¶8 Although two prior jury trials resulted in hung juries, Henry was convicted at the third trial. He was sentenced to life imprisonment for each of the first-degree rape convictions and twenty-five years for each of the second-degree rape convictions. Henry appeals.

¶9 Whether the exclusion of a photograph from a manual on child sexual abuse constituted an abuse of discretion and resulted in prejudicial error.

¶10 Henry claims the trial court erred when it refused to admit a photograph from a manual on child sexual abuse. Evidentiary rulings of the trial court are reviewed under an abuse of discretion standard. People in Interest of A.R.P., 519 N.W.2d 56, 62 (S.D.1994) (citing Zens v. Chicago, Milwaukee, St. Paul and Pac. R.R. Co., 479 N.W.2d 155, 159 (S.D.1991)). "For us to disturb the evidentiary rulings of the circuit court, we must determine that an abuse of discretion has occurred. [A]n abuse of discretion refers to a discretion exercised to an end or purpose not justified by, and clearly against reason and evidence." Id. (quoting State v. Moriarty, 501 N.W.2d 352, 355 (S.D.1993); State v. Devall, 489 N.W.2d 371, 374 (S.D.1992)).

¶11 Dr. Likness' first examination revealed funneling. While he did not take photographs of the boys' first anal examination, he testified that a black-and-white drawing of the rectum of a sexually abused child, which was photocopied, represented his findings. Across the bottom of the photocopied page was printed: "Chronic abuse results in loss of sphincter tone and patulous anus." According to Dr. Likness, the drawing was from the book Clinical Symposia, distributed by the Ciba-Geigy Company. The drawing was received in evidence as Exhibit 2 over Henry's objection. The trial court stated, "This exhibit is for illustrative purposes only and whether it's consistent with what the physician has found is a jury question and they can take that into consideration along with all the other evidence."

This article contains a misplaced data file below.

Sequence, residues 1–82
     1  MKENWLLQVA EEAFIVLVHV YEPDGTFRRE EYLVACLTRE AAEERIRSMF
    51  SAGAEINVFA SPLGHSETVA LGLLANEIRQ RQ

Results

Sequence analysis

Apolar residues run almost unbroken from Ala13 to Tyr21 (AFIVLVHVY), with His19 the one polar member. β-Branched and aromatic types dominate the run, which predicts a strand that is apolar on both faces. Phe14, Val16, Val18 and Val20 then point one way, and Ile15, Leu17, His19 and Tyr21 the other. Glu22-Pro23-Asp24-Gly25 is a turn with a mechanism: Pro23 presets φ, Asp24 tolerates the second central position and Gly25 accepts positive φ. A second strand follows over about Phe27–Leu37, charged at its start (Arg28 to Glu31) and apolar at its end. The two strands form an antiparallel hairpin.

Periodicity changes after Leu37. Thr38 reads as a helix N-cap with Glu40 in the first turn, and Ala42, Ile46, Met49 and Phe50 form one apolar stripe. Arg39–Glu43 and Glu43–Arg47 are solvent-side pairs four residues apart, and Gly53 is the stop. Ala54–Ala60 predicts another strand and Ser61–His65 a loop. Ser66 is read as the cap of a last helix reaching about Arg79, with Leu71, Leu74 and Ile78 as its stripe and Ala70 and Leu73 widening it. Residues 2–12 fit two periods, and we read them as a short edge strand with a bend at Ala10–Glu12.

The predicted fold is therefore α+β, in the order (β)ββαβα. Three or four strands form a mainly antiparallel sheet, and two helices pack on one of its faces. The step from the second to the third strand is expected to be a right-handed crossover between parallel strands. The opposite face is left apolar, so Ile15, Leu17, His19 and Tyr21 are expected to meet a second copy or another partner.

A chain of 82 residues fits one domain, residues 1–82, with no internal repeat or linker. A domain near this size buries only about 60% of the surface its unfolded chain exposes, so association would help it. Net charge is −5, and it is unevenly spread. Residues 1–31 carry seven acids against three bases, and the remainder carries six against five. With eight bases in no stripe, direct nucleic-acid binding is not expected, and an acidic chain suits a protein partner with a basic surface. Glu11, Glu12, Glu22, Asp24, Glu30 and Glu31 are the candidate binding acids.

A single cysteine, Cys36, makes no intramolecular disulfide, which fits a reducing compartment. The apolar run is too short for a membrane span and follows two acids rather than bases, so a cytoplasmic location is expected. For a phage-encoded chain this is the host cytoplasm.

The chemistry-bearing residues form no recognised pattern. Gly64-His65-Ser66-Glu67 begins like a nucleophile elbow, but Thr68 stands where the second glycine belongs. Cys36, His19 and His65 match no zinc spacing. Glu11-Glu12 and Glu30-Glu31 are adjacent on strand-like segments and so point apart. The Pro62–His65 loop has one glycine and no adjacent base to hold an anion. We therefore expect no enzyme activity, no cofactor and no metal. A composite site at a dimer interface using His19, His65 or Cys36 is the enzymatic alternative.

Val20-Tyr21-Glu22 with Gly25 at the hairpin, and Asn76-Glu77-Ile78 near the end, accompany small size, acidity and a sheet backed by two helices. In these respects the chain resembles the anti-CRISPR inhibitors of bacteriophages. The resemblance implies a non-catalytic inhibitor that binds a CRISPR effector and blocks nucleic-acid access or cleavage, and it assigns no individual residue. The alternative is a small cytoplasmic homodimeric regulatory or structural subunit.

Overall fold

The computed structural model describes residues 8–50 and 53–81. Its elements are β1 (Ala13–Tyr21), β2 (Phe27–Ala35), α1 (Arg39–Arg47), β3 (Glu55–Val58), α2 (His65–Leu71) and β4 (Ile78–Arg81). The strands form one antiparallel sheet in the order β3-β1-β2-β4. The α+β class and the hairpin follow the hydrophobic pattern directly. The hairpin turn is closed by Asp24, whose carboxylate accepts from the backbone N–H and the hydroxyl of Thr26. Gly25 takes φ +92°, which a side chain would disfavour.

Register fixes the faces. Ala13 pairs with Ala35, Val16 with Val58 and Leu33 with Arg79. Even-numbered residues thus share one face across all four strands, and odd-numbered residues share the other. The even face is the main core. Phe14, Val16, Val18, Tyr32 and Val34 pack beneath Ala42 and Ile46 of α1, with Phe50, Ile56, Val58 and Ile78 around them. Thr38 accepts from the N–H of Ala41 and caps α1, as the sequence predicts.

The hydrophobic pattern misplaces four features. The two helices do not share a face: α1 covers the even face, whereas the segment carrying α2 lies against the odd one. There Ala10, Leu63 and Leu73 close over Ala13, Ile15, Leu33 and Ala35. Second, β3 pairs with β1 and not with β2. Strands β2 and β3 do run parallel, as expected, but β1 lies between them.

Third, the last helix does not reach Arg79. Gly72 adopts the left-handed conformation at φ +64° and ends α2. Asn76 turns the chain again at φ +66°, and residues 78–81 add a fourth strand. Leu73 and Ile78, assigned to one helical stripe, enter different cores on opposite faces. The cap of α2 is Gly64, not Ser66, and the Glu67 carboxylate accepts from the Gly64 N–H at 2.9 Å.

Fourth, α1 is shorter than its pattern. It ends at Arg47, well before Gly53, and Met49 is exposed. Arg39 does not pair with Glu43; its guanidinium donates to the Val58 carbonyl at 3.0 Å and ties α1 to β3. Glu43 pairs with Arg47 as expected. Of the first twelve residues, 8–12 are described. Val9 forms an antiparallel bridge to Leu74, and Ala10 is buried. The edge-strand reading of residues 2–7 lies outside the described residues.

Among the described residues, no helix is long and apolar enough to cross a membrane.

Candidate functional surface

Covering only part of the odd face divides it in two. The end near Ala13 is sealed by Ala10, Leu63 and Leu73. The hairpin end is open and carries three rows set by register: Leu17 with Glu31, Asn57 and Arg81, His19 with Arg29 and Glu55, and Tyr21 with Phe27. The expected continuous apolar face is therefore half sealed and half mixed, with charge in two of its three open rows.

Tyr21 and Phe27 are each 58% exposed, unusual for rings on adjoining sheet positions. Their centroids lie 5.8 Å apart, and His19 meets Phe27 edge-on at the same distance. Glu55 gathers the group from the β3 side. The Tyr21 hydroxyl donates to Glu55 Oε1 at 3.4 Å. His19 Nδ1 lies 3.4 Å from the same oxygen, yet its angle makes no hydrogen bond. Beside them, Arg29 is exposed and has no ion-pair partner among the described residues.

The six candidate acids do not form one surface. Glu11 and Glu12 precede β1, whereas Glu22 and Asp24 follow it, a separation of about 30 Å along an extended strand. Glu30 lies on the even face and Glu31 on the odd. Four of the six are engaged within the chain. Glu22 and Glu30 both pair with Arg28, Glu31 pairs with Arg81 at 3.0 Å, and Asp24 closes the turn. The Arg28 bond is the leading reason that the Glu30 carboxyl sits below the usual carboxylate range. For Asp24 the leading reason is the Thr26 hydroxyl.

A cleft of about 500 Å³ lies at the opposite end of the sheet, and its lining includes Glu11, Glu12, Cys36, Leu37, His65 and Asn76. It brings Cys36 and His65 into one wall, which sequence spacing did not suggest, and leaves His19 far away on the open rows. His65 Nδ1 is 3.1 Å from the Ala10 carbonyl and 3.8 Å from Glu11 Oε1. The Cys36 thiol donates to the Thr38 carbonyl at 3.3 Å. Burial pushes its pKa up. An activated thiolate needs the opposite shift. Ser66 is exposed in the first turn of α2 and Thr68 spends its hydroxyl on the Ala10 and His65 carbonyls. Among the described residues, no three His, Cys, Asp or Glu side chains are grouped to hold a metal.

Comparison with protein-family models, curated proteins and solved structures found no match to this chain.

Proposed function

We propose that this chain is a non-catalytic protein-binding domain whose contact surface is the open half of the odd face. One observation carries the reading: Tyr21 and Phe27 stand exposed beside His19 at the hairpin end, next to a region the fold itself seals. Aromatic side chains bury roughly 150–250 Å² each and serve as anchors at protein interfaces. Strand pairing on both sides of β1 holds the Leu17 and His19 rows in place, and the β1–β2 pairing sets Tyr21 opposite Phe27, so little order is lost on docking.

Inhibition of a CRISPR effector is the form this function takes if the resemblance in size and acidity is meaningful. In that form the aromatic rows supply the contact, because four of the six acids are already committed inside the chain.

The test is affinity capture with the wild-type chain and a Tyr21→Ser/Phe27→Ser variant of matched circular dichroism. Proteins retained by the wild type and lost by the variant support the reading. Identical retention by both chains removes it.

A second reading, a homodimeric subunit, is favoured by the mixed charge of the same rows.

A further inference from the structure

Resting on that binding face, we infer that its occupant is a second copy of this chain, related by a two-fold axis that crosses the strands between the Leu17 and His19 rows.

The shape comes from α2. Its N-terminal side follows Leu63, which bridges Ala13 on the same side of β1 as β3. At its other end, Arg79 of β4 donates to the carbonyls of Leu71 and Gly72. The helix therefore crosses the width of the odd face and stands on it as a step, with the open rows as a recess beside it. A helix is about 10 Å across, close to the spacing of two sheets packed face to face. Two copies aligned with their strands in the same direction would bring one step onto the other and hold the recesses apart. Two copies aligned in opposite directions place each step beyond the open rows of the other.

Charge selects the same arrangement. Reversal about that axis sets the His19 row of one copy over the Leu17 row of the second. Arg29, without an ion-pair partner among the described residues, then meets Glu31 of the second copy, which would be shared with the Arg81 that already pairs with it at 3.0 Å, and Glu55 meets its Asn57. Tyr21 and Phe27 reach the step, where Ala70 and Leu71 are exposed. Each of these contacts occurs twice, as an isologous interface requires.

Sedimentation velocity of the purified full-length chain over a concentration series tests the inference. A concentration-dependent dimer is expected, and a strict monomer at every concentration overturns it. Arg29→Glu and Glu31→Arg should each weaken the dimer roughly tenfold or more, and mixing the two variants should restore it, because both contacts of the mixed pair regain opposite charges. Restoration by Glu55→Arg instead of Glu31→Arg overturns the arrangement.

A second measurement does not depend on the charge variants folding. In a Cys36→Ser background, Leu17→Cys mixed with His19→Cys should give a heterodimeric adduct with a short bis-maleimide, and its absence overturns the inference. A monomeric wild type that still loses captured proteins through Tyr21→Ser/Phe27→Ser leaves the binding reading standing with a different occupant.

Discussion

¶12 Henry's counsel cross-examined the doctor and attempted to introduce Exhibit Z, an enlargement of a picture from The Color Atlas of Child Sexual Abuse, which showed the presence of funneling in a nonabused child. The trial court held that the picture